Supplemental Security Income (SSI) Incentives

If you’re on SSI, there are several work incentives you may qualify for. These include:

Allowances for earned income.

When figuring your monthly benefits payment, SSI ignores the first $65 of your earned income, plus one-half of the remainder. This is called the Earned Income Exclusion. This means that you can make more money from a combination of work income and SSI payments than you can from SSI payments alone.

Items and services you need for work.

This incentive, called Impairment-Related Work Expenses (IRWEs), is similar for both SSDI and SSI.
Maybe you can’t work without certain items or services, and you pay for them yourself. SSA refers to the costs of these items and services as Impairment-Related Work Expenses, or IRWEs.
When SSA decides whether you’re eligible for cash benefits and sets the amount of your payments, it can exclude the money you pay for those items and services from your countable earnings.
What kinds of items and services qualify?

  • Attendant care
  • Job coaching
  • Special transportation or vehicle modifications
  • Durable medical equipment such as a wheelchair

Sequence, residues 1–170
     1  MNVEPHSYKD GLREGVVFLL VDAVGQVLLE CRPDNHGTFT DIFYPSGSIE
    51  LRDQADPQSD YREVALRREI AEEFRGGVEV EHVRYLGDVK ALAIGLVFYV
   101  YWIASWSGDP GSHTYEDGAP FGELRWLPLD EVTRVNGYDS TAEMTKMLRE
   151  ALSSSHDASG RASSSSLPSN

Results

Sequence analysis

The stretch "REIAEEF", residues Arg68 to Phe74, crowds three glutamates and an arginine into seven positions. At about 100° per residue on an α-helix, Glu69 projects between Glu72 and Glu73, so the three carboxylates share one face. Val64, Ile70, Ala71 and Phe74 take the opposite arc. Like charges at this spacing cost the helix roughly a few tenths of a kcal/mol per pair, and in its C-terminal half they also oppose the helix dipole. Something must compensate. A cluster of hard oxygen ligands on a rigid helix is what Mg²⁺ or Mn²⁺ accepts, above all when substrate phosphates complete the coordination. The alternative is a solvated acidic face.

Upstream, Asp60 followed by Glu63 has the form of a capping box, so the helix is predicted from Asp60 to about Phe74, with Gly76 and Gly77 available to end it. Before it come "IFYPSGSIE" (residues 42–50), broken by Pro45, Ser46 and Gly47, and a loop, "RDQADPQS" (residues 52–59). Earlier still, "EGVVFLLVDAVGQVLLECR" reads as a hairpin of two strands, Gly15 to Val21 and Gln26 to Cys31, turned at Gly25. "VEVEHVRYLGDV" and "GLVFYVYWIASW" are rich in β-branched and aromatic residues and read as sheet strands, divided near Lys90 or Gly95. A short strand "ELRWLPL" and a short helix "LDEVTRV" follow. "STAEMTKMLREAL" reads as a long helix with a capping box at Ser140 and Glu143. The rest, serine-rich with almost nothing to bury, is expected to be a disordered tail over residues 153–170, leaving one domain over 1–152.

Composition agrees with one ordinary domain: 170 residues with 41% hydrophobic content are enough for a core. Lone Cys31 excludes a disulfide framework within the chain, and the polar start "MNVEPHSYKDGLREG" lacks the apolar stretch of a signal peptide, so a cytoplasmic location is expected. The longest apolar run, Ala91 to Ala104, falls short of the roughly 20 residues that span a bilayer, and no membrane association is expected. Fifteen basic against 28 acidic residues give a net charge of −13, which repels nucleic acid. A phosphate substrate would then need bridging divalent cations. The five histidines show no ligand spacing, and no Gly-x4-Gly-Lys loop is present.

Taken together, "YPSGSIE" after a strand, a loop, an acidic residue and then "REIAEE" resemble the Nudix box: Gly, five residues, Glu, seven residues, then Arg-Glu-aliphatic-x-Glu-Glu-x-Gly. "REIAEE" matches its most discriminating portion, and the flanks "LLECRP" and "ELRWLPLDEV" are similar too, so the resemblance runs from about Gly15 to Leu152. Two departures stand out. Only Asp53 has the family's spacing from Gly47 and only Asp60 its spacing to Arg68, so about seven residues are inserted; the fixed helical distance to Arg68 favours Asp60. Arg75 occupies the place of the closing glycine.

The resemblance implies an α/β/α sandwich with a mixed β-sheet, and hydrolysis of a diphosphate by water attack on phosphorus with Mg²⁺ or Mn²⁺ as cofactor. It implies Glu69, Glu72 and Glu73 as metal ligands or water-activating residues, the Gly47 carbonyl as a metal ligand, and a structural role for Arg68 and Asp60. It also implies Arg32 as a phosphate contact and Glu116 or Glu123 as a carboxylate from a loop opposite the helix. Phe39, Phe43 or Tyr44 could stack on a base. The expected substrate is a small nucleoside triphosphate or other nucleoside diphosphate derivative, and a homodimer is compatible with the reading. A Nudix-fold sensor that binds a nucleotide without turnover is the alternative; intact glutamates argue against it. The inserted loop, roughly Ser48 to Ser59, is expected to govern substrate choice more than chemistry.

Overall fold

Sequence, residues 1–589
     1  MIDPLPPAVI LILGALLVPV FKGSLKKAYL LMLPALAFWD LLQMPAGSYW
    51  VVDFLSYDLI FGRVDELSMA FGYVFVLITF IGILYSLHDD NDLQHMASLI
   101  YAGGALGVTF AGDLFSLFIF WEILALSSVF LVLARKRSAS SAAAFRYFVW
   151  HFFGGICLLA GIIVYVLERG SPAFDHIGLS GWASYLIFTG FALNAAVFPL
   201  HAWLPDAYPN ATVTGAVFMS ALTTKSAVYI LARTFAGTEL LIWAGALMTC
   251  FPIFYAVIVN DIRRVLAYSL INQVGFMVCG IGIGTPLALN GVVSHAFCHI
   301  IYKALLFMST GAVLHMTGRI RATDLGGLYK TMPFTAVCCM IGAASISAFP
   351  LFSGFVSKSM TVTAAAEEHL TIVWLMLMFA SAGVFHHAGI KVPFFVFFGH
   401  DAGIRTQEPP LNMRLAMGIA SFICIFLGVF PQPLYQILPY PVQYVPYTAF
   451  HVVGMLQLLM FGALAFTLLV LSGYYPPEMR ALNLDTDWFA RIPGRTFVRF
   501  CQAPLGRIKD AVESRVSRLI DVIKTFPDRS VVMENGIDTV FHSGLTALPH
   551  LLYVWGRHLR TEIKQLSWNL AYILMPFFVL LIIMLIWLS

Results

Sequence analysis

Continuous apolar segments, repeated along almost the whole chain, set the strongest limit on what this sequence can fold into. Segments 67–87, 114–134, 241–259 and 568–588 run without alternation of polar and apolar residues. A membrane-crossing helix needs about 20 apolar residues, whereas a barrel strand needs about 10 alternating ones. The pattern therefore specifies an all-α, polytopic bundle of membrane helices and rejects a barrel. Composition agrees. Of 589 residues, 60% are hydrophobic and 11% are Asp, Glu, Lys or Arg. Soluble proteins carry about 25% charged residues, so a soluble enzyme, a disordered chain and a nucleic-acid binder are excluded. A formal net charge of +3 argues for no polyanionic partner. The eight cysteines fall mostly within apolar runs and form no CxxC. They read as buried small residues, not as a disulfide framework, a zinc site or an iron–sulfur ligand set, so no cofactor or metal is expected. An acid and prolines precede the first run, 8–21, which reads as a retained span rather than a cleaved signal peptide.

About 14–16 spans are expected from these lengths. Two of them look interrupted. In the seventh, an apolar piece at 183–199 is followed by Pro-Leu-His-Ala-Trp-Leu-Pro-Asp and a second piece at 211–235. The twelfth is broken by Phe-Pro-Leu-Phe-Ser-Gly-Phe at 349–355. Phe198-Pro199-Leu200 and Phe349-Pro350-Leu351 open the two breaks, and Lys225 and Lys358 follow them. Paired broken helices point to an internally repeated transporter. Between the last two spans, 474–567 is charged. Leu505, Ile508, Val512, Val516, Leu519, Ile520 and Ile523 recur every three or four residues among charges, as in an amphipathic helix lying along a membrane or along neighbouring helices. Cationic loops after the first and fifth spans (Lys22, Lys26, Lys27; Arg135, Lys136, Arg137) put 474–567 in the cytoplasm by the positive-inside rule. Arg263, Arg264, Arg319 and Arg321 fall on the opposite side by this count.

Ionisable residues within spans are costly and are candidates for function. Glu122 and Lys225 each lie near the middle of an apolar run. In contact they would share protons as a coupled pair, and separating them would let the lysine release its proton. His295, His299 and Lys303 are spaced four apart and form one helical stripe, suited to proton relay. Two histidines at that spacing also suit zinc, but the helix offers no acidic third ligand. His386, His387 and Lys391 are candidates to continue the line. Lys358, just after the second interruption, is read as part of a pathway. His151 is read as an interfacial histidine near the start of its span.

• Home modifications such as ramps and railings

Education.

The Student Earned Income Exclusion may apply to you if you regularly attend school and are under age 22. With this incentive, a certain amount of your earned income is excluded when SSA calculates your monthly payments. The amount increases every year to keep pace with the increasing cost of education.

Saving to achieve career goals.

The Plan for Achieving Self-Support, or PASS, lets you save some income in a special account and use the money to achieve goals such as attending school or getting vocational training. This money is excluded when SSI calculates your monthly payments. But keep in mind that you need to submit an application, have it approved by SSA, and spend the money only as approved.

Note: This incentive works best for people who have another source of money to pay for any expenses beyond their basic living costs. One example of having more than one income is getting both SSI and SSDI payments.

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Diane Dalmasse, Division Director
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Waterbury, VT 05671-2040
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